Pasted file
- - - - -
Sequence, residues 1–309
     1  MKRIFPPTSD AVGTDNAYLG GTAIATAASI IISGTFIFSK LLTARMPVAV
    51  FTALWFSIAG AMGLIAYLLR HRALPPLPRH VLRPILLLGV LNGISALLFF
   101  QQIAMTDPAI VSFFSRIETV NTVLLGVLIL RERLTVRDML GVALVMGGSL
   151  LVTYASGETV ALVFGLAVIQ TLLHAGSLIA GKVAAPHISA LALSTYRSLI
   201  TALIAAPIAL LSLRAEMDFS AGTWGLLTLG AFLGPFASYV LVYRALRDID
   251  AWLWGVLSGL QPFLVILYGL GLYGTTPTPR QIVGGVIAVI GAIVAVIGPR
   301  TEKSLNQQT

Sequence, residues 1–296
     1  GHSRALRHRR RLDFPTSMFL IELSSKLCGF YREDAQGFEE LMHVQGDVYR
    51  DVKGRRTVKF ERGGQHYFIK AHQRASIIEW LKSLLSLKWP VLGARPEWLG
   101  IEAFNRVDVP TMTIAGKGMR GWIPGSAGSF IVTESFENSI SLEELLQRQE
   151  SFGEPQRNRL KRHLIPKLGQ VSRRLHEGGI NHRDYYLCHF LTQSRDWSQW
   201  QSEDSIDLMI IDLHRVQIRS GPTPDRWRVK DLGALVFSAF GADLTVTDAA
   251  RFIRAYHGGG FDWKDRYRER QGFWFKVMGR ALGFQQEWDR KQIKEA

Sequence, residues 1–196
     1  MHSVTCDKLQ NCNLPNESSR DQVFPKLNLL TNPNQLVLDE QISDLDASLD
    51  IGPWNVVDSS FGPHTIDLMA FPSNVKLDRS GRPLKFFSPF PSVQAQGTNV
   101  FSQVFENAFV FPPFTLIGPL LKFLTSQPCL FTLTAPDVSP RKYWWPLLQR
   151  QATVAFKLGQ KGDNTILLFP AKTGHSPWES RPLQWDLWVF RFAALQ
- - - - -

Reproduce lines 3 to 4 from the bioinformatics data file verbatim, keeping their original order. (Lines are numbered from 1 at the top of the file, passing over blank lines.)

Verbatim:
    51  FTALWFSIAG AMGLIAYLLR HRALPPLPRH VLRPILLLGV LNGISALLFF
   101  QQIAMTDPAI VSFFSRIETV NTVLLGVLIL RERLTVRDML GVALVMGGSL